Six Steps to Winning Hearts and Minds for Change

For weeks the project manager had been fine-tuning his new work processes. He was tasked to simplify and speed up order processing at his company. One detail in his plans had upset four colleagues in the admin department. The following change had sparked resistance: Up to now admin colleagues had examined contract documents which had been sent by customers and in the case of inconsistencies colleagues from the sales department would contact the customer and clarify the issue. This is how it was always done. In future admin was asked to contact their counterparts in the customer’s company directly. “Our old procedures made us successful”, complained the four contract specialists. “Why should we too now deal with the customer? “

This is not an isolated case. Staff often resist new processes and procedures with astounding tenacity. The habitual way of doing things is too strongly ingrained and even slight changes provoke angry reactions. “Everything always worked perfectly,” staff will say, or: “All these new processes are not aligned to the nature of our work”, or “Another weird decision from top management.” Experts know that all these statements are at-tempts to hide what is really bothering employees. They want to hide feelings, often feelings of fear, defiance and anger. Neurologists discovered that work routines leave traces in our brains. When we repeat and practice the same task, we build connections among nerve cell which become expanded into data highways. To change these patterns

- in other words to re-route the highways – triggers discomfort and it is exhausting work.

“That is why employees tend to fall back into old habits which then undermine change efforts”, explains Hansjörg Zahradnik, senior consultant at next level consulting. Project managers who introduce new processes need to be aware of these difficulties. Enticing colleagues with facts alone in order to engage them with change is not sufficient. Professional change specialists use the following six strategies in order to win over the minds as well as the hearts of their colleagues:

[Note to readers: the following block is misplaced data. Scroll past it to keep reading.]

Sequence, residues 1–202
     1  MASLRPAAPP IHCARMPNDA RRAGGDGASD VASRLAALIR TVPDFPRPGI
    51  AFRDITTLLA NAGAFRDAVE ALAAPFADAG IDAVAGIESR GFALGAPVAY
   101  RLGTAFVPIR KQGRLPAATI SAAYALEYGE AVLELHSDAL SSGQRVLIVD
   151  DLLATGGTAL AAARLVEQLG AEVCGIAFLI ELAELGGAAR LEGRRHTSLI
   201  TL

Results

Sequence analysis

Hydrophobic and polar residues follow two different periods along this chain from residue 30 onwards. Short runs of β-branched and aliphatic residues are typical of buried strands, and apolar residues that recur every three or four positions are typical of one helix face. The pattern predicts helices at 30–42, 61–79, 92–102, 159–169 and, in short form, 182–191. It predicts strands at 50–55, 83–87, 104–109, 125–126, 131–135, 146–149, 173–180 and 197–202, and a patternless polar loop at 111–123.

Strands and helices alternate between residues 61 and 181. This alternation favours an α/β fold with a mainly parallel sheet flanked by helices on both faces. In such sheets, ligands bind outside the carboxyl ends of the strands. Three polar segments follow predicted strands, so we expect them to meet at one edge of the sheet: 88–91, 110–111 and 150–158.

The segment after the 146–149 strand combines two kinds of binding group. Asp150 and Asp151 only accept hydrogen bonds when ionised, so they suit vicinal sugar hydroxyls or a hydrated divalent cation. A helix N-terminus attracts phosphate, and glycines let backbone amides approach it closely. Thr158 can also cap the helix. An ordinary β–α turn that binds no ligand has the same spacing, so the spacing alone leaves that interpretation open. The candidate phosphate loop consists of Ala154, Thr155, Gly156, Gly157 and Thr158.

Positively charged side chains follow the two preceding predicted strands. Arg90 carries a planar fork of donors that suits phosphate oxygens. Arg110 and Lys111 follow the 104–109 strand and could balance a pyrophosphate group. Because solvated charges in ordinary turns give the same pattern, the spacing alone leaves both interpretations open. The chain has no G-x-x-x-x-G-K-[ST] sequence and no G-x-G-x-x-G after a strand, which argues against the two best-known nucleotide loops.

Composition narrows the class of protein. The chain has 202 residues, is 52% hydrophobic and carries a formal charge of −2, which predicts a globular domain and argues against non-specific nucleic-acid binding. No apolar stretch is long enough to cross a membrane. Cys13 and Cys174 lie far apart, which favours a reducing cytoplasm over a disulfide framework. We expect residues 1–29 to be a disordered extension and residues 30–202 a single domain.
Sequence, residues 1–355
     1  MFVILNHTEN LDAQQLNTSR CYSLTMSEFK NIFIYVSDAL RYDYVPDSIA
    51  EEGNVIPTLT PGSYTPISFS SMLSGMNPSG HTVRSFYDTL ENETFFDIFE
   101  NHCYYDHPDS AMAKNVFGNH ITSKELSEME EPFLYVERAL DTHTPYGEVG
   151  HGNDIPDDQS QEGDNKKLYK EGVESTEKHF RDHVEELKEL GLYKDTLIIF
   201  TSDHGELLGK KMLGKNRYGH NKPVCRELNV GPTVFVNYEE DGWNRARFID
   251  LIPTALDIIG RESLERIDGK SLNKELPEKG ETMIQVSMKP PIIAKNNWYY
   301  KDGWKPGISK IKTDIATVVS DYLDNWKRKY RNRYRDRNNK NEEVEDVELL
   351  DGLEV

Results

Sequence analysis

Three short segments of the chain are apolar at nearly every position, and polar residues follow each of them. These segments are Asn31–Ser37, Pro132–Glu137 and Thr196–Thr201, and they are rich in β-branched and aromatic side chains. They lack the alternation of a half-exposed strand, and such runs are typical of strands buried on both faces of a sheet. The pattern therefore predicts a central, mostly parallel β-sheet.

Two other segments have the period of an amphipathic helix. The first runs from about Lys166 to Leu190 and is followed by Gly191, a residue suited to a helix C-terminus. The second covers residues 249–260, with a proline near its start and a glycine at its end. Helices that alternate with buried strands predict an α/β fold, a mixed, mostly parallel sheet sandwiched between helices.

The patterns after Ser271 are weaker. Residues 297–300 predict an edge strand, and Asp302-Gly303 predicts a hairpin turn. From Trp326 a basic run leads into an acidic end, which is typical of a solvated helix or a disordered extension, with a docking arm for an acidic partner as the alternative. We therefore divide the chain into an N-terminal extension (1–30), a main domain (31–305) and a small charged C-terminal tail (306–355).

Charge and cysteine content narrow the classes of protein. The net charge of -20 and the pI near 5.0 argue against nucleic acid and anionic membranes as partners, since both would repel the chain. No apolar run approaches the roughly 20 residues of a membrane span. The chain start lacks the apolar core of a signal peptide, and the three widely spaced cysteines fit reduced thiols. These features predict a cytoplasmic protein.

1. Give Reasons And Explain the Objectives:

“Why changes in our department? And why now?” Employees want to understand the reasons for new procedures. They want to know if they can expect minor changes or if they need to prepare for major adjustments and restructuring. This is why the project manager needs to know the answers to these questions and he needs to immerse himself into the thinking and reasoning behind his assignment. Experienced project managers will clarify with executive management which objectives are to be met through the changes, which circumstances necessitated these changes and which strategic advantages for the company’s future are to be gained by these changes.

2. Involve Affected Employees

Nowadays it is no longer possible to sneak in changes behind the staff’s back. That is why project managers like to get affected employees – or stakeholders – on board as soon as possible. “It is important to form allies among stakeholders and to firmly engage them with the project”, says Hansjörg Zahnradnik, “These allies can sway opinions in the company in favour of the project – especially if these allies are socially well connected.” In winning support experienced project managers like to follow the guideline offered by the ”ADKAR” principle: Are stakeholders aware of the change project and its implications (Awareness)? If not they need to be informed by the project manager. How much do they welcome these changes (Desire)? How can colleagues be won over who are indifferent towards the project or even reject it? The next question then is: What additional knowledge (Knowledge) and abilities (Abilities) will colleagues need to develop in order to function within the changed framework? And the last question is: What can the project manager do in order to ensure that new procedures become entrenched and sustainable after the project closes down (Reinforcement)?